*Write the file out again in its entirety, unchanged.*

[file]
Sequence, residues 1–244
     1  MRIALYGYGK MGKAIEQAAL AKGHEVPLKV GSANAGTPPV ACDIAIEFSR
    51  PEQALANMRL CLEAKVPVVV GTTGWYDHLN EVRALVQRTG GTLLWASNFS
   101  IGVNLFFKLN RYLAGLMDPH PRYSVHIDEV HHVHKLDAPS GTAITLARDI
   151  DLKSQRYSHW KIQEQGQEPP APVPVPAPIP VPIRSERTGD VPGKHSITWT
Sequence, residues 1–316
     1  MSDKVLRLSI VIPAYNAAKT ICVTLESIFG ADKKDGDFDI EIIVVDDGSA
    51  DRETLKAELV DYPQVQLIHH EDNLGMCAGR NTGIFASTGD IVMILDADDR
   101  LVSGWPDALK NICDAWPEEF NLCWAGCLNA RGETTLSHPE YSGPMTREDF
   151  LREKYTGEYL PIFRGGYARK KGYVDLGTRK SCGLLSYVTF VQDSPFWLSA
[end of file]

Sequence, residues 1–244
     1  MRIALYGYGK MGKAIEQAAL AKGHEVPLKV GSANAGTPPV ACDIAIEFSR
    51  PEQALANMRL CLEAKVPVVV GTTGWYDHLN EVRALVQRTG GTLLWASNFS
   101  IGVNLFFKLN RYLAGLMDPH PRYSVHIDEV HHVHKLDAPS GTAITLARDI
   151  DLKSQRYSHW KIQEQGQEPP APVPVPAPIP VPIRSERTGD VPGKHSITWT
Sequence, residues 1–316
     1  MSDKVLRLSI VIPAYNAAKT ICVTLESIFG ADKKDGDFDI EIIVVDDGSA
    51  DRETLKAELV DYPQVQLIHH EDNLGMCAGR NTGIFASTGD IVMILDADDR
   101  LVSGWPDALK NICDAWPEEF NLCWAGCLNA RGETTLSHPE YSGPMTREDF
   151  LREKYTGEYL PIFRGGYARK KGYVDLGTRK SCGLLSYVTF VQDSPFWLSA